Affiliation: Peninsula College of Medicine and Dentistry, Veysey Building, Salmon Pool Lane, Exeter, EX2 4SG, UK. martin.hoyle@pms.ac.uk

ABSTRACT

Background: Mean costs and quality-adjusted-life-years are central to the cost-effectiveness of health technologies. They are often calculated from time to event curves such as for overall survival and progression-free survival. Ideally, estimates should be obtained from fitting an appropriate parametric model to individual patient data. However, such data are usually not available to independent researchers. Instead, it is common to fit curves to summary Kaplan-Meier graphs, either by regression or by least squares. Here, a more accurate method of fitting survival curves to summary survival data is described.

Methods: First, the underlying individual patient data are estimated from the numbers of patients at risk (or other published information) and from the Kaplan-Meier graph. The survival curve can then be fit by maximum likelihood estimation or other suitable approach applied to the estimated individual patient data. The accuracy of the proposed method was compared against that of the regression and least squares methods and the use of the actual individual patient data by simulating the survival of patients in many thousands of trials. The cost-effectiveness of sunitinib versus interferon-alpha for metastatic renal cell carcinoma, as recently calculated for NICE in the UK, is reassessed under several methods, including the proposed method.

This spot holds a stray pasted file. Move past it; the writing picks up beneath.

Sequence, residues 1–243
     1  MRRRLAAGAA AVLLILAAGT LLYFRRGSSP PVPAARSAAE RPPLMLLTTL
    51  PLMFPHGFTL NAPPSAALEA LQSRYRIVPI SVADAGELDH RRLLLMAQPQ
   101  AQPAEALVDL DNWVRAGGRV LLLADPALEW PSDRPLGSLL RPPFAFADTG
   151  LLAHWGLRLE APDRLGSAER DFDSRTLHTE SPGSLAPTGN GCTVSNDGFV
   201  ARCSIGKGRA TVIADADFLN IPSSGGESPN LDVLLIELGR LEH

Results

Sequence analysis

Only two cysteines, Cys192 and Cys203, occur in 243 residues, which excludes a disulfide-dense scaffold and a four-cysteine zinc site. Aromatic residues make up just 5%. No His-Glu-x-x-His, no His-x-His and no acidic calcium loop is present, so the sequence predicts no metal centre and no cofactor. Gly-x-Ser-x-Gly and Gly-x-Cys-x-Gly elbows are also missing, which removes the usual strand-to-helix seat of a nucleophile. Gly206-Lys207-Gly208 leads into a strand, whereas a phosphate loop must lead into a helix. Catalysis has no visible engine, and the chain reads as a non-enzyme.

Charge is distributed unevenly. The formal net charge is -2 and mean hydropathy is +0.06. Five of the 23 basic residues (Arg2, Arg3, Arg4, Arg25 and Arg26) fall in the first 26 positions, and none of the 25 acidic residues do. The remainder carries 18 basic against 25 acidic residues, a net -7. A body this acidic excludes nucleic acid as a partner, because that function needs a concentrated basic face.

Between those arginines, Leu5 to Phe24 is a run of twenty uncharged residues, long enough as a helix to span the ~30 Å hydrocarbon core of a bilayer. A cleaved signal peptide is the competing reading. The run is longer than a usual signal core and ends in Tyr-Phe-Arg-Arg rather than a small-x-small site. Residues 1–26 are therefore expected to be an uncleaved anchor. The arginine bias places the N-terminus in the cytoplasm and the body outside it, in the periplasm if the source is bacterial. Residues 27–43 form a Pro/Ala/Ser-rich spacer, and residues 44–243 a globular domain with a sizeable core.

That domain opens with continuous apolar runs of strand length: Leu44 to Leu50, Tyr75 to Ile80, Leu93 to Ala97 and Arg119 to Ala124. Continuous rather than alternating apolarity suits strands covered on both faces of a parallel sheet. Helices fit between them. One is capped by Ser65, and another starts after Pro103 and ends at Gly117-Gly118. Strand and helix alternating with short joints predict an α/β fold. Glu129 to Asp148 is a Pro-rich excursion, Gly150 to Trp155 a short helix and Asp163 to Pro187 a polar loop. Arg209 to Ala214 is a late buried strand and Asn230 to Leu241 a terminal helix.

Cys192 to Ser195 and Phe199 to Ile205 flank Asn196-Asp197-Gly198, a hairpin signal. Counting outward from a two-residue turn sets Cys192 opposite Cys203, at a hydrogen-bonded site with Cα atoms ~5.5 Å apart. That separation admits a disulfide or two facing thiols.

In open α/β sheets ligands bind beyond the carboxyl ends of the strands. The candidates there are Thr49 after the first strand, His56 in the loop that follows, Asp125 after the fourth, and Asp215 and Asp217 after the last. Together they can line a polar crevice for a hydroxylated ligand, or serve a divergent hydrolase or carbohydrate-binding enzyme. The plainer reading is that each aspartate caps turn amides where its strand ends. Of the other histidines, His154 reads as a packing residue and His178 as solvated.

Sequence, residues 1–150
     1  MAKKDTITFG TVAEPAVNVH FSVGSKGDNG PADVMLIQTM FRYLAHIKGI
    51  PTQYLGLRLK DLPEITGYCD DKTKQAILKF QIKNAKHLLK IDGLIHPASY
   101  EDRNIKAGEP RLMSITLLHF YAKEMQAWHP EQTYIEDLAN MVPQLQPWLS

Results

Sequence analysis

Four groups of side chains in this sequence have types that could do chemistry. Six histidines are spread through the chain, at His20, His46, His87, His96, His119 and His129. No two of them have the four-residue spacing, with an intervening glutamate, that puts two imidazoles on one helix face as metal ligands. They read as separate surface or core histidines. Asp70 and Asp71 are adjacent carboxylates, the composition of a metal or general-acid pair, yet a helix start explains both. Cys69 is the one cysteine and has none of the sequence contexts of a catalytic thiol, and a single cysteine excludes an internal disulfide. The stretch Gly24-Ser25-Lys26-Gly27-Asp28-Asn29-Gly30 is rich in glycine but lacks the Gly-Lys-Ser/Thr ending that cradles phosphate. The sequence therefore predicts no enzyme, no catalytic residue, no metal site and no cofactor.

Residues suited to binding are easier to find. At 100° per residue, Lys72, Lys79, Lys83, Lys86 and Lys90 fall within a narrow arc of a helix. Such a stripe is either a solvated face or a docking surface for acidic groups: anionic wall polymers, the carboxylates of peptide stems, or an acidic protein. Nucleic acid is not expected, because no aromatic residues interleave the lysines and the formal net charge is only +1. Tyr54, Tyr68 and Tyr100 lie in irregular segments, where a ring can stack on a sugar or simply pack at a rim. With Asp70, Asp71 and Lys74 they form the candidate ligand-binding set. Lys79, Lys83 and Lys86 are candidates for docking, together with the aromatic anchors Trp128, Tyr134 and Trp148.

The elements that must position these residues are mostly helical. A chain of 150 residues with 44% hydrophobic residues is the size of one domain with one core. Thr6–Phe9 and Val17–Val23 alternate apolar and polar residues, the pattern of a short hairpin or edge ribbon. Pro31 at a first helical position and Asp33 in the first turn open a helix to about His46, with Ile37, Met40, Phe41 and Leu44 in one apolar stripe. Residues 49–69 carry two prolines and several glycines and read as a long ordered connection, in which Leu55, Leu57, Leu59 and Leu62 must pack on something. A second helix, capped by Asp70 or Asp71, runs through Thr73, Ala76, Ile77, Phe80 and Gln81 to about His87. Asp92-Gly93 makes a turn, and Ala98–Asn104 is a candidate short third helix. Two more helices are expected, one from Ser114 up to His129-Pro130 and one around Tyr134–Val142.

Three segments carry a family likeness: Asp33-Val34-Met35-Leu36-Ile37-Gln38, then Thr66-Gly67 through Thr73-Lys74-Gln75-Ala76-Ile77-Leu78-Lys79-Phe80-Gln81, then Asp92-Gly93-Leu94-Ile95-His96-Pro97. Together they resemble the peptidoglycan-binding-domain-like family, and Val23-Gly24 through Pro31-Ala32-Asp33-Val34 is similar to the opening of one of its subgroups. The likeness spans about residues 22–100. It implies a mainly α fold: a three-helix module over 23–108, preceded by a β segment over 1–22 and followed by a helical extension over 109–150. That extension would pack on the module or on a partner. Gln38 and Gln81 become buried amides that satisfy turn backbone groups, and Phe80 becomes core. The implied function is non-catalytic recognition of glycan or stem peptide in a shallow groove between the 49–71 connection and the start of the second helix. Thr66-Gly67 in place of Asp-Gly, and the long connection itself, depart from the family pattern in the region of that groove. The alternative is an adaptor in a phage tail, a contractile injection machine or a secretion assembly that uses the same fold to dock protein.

Results: Simulation shows that the proposed method gives more accurate curve fits than the traditional methods under realistic scenarios. Furthermore, the proposed method achieves similar bias and mean square error when estimating the mean survival time to that achieved by analysis of the complete underlying individual patient data. The proposed method also naturally yields estimates of the uncertainty in curve fits, which are not available using the traditional methods. The cost-effectiveness of sunitinib versus interferon-alpha is substantially altered when the proposed method is used.

Conclusions: The method is recommended for cost-effectiveness analysis when only summary survival data are available. An easy-to-use Excel spreadsheet to implement the method is provided.

Show MeSH
Related in: MedlinePlus